Untitled (Domestic) is a sculpture from an interior staircase in a three-story, 18th-century London building that was once the home of the British naval hero Admiral Lord Nelson. Rachel Whiteread created this work by casting the space surrounding the staircase. To produce a work of this size, she cast the original space in parts and reassembled the pieces in her studio. This approach freed her from the limitations imposed by doorway clearances in the original building and allowed her to alter and recombine the various sections. The basic forms of Untitled (Domestic) reflect the original staircase, but the irregular surface textures and the recombined angles of the forms are Whitereads invention. The result is a disorienting structure whose inverted steps and twisting angles seem to extend upward toward an unknown destination.
Since 1988, Whiteread has been creating large-scale sculptures and installations by casting objects and spaces from her domestic environment. For instance, in Untitled (One Hundred Spaces), featured in the 1995 Carnegie International, Whiteread used translucent resin to cast the spaces beneath 100 chairs. Two years earlier, she had produced House, a full-scale cast of a condemned house in Londons East End that had survived the bombing during World War II. Currently on view in the galleries, you will find Whitereads Untitled (Yellow Bath), produced in 1991.
With their tactile, marked, and sometimes asymmetrical surfaces and shapes, these sculptures suggest the character and history of the original objects while reflecting the artists inventive aesthetic choices. They serve not only as formal studies of how humans relate to the spaces we inhabit, but also as physical tracings of past human experience.
Title: Acquisition Narrative: Whiteread, 2006.69
Since 1988, the British artist Rachel Whiteread has been casting objects from her domestic environment to create large-scale sculptures and installations. These works transform negative space into positive form and serve as intense formal studies of how humans relate to the spaces around them. Early in her career, she primarily cast household furniture in a scale directly proportional to the body, including tables, closets, bathtubs, and mattresses. In 1993, Whiteread made the widely-acclaimed House, a cast of a condemned house in London's East End. Since then, she has been casting larger architectural structures including staircases and interiors of homes, reducing the intimacy of her work while imbuing it with a new monumental intensity. In every case, by exposing the negative spaces of objects and places, Whiteread reveals something unseen, turning private into public and inside into outside. The materials used to create her sculptures, such as plaster, wax, and resin or other synthetic materials, are those traditionally associated with the constructions of the molds themselves. Far from being perfect or "specific objects," her sculptures are unique and irregular, with tactile, marked, and sometimes asymmetrical surfaces and shapes which record the character and history of the objects from which they came. Referring to rituals of life and death, sometimes literally (such as in her casts of mortuary slabs) and often metaphorically (such as with CMA's Untitled (Yellow Bath) (1991)), her work presents complex notions of presence and absence, memory and loss, and the relationship of the body to forms in space.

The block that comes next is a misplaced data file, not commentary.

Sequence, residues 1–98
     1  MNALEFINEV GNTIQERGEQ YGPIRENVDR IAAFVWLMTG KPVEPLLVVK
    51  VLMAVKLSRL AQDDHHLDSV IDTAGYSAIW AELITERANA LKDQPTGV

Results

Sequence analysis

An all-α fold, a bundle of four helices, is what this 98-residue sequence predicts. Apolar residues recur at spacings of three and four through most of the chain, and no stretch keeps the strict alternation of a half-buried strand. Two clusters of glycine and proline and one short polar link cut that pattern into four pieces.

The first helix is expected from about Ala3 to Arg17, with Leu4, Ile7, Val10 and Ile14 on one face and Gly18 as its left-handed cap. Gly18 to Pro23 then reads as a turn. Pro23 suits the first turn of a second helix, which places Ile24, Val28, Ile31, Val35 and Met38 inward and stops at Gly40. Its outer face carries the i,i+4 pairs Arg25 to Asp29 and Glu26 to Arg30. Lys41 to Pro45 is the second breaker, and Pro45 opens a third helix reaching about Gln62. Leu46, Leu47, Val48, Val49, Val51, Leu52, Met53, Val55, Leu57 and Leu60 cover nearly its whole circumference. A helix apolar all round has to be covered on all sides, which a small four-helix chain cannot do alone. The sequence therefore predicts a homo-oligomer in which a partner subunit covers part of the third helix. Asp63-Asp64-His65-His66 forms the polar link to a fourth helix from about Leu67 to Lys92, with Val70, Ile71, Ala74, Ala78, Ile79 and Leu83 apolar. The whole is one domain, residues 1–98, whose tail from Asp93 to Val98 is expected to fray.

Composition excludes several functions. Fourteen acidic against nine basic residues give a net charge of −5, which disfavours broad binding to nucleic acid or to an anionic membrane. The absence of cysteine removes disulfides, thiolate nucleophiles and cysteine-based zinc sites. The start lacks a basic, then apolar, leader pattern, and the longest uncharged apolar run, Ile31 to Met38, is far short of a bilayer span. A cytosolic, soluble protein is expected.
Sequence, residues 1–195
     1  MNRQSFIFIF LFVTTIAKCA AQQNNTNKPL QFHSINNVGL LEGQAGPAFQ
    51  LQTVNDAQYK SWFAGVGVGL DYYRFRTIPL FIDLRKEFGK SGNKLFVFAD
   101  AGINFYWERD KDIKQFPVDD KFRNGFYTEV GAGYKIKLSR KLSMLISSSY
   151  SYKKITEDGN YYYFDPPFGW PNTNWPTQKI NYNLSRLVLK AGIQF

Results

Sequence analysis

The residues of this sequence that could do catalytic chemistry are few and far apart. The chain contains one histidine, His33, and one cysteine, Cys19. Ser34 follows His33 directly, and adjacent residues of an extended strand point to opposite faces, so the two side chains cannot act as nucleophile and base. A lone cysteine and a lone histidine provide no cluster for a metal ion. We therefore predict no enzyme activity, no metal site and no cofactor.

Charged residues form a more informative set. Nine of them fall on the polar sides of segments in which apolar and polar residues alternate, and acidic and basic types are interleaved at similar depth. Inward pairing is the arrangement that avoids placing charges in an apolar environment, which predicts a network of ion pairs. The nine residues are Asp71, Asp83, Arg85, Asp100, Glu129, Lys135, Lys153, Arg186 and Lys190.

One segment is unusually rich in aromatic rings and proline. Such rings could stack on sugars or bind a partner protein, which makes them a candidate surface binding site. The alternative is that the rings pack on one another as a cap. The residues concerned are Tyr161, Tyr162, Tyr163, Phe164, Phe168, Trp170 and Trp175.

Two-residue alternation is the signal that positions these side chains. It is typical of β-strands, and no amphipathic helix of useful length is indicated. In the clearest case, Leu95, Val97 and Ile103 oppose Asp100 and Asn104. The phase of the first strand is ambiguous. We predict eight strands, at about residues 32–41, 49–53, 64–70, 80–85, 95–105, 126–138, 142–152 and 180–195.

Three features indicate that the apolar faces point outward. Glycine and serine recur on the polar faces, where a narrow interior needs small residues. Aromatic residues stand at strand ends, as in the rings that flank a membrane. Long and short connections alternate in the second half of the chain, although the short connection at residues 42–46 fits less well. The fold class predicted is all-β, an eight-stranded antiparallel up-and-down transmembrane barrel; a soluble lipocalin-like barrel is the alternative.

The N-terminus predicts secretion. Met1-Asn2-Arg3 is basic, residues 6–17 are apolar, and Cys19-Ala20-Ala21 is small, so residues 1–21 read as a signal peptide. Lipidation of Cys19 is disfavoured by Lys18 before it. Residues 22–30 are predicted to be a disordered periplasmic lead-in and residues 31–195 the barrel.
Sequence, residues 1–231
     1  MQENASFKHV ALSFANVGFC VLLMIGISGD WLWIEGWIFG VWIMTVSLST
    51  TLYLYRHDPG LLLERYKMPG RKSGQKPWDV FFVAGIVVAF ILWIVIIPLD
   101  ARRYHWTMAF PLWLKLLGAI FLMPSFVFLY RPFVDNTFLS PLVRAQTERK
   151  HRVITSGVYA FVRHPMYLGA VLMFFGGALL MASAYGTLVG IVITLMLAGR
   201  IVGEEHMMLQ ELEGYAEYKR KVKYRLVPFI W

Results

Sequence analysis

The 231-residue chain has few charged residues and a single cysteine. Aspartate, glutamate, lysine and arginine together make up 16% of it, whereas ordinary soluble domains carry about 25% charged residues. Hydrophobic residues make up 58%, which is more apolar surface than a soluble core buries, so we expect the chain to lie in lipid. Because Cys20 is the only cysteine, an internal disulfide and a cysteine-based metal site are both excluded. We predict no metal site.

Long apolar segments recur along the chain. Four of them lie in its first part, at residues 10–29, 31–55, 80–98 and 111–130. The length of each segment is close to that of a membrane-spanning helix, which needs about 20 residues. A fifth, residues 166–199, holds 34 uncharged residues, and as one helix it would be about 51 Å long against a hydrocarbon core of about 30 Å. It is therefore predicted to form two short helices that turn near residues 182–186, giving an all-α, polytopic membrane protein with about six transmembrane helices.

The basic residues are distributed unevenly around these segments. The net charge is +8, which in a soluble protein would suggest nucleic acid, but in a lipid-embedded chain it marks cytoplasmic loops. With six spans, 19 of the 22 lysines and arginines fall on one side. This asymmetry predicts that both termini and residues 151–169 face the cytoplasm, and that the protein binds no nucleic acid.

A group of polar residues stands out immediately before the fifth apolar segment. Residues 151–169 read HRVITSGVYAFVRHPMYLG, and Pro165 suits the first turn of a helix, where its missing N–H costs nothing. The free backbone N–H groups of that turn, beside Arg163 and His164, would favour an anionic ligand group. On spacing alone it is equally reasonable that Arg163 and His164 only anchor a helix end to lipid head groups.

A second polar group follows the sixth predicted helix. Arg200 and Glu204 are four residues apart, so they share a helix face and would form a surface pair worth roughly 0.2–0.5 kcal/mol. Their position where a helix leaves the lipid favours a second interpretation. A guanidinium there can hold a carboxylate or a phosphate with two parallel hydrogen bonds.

Untitled (Domestic), 2002, is an important example of her current oeuvre. Whiteread has been preoccupied with staircases for over ten years and she has said that casting them requires the culmination of techniques from her entire career. This particular work was cast from an interior staircase in the Haunch of Venison, a London-based gallery sited in a three-story, 18th-century building, previously the home of Admiral Lord Nelson. It represents a significant departure from her previous casts in which she created molds directly from objects and cast them without manipulation. In this instance, as in her other staircase sculptures, Whiteread created molds from the gallery and erected these in her studio so that she could rearrange the forms, thus removing the assembled sculpture from its obligation of "architectural correctness" (to quote Susanna Greeves in her essay for the exhibition). The result is a marvelously disorienting agglomeration of stairs and angles, a powerful sculpture which suggests nothing less than an alternate universe where inside is outside and all stairs could lead equally to anywhere or nowhere.
Purpose: acquisition narrative
Author: Fogle, Douglas - CMOA